Many individuals take for granted the kilograms or the pounds that they see reflected in their bathroom scales. For some it is just numbers showing how heavy they are. Unfortunately, many still fail to recognize the different diseases that have been shown to be directly related to weight abnormalities. Being underweight, overweight, or obese is not a disease in themselves but are important risk factors in the development of other health conditions. This is why experts always recommend achieving and maintaining an ideal weight as an important objective for healthier bodies.
Underweight is often implicated in malnutrition and other metabolic abnormalities. Overweight, especially, obesity, has been implicated in the development of hypertension, diabetes, heart disease, high cholesterol levels, cancer, infertility, back pain, skin infections, gastric ulcers, and gallstones. Whether you believe these to be true or not, there is nothing harmful in achieving and maintaining an ideal body weight.
Understand and Compute for Your Ideal Body Weight
While Body Mass Index, or BMI, is not the only measurement tool used in the identification of weight problems, experts agree that it provides a reasonable estimate of the fatness of your body. However, it does not give you the whole picture especially when talking about the distribution of fat in your body as well as the relative risk that you may have in relation to the different diseases associated with weight abnormalities. Nevertheless, it gives a reasonable estimate of how much fat is present in your body. Other tools used to provide and estimation of weight problems include body fat percentage and the waits-to-hip ratio.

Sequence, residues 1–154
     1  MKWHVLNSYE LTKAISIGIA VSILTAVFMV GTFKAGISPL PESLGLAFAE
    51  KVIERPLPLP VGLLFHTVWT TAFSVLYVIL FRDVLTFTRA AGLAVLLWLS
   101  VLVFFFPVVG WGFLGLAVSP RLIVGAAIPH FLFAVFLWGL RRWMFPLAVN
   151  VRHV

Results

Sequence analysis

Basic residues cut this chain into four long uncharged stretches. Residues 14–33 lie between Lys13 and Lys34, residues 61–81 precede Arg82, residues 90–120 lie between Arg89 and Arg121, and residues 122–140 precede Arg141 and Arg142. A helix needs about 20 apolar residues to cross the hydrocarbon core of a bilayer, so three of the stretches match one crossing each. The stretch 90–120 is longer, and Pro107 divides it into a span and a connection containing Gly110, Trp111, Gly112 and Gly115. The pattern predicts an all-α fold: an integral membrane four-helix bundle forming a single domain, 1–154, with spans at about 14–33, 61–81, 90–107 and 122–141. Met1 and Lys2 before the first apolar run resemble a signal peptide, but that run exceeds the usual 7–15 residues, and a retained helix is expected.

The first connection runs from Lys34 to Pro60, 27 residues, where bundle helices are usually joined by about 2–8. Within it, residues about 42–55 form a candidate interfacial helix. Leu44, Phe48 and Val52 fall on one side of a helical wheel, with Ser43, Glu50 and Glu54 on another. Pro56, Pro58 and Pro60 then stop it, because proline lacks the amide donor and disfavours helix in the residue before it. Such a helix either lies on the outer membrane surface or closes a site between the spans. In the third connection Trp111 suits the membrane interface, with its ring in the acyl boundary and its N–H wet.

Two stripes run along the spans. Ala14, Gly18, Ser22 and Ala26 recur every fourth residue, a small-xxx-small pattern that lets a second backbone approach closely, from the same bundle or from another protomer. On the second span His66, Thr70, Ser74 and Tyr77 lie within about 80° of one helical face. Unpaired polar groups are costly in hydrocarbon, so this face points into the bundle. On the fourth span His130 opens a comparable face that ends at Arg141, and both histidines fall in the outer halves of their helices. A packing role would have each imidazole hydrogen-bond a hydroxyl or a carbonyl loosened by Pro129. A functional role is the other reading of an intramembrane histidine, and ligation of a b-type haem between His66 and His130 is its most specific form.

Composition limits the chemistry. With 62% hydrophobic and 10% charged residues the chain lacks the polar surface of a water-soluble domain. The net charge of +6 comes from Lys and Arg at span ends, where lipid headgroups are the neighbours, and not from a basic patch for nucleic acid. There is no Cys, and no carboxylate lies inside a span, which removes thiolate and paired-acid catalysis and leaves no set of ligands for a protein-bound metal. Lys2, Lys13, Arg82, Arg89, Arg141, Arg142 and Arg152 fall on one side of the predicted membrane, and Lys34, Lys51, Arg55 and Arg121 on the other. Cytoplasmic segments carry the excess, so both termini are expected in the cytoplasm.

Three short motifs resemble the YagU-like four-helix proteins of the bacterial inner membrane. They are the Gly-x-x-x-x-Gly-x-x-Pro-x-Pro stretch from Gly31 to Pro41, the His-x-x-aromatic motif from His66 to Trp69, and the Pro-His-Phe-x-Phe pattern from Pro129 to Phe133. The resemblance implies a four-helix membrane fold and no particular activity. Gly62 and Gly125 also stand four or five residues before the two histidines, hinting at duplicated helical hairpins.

To compute for your BMI, take your weight in kilograms and divide this with the squared value of your height in meters. For example if you weigh 100 kilograms and stand 1.7 meters tall, this gives you a BMI of 34.6 (100 ÷ 2.89). A BMI of 34.6 will indicate that you have Class I obesity. A BMI of less than 18.5 is classified as underweight while a BMI of 25.0 to 29.9 is already considered overweight. BMIs higher than 40.0 is Class III obesity. What you would like to see is a BMI of 18.5 to 24.9. This is the BMI that will show that you have the ideal body weight.
Your BMI is just a rough estimate of your current weight status. For more accurate ideal body weight computations, you can use online ideal body weight calculators. For example, given the above situation and you are a 35-year old female, your ideal body weight should be 60.8 kilograms if you use the Robinson formula. The same situation will produce an ideal body weight of 62.6 kilograms on Miller formula. The problem is that because the result is very precise you will have to be very strict in your weight normalization activities.
Perform Fun and Enjoyable Exercises
Knowing your ideal body weight and BMR is one thing. Doing something to make the necessary adjustments is another. And while conventional wisdom will tell you to hit the gym immediately, this is not necessarily ideal. What is more important is to choose activities or exercises that you enjoy doing. The key point to understand is that the exercise regimen should be fun and enjoyable in order for it to be successful. However, if you have absolute self-control, then hitting the gym will definitely bring the results you want a lot faster. Otherwise, running or jogging or even biking at least 30 minutes every day should help you get on track. Why not join a dance class or even go swimming? Do something that you truly enjoy, increase the intensity and the frequency, and you should be able to shed off those excess weight.
Watch What and How Much you are Eating
Exercise alone will not get you the body weight that you are aiming for. Physical exercises should also be complemented with sensible dieting. You don’t have to starve yourself or skimp on your favorite foods. What is important is portion control with due diligence in finding out the number of calories in each portion. The trick is to put in less calories in your body than what it is using. What you want to achieve is to eat fewer calories than what your body actually needs, beyond its essential functions, of course. For example if your basal metabolic rate is 2,500 kcal, then don’t eat more than that. Take in more fruits and vegetables and none of the fried junk foods that you may be fond of. Additionally, avoid as much as possible sugary beverages.
Achieving an ideal body weight is often difficult. However, maintaining it is doubly hard because you will have to make diet and exercise as an integral part of your weight management efforts.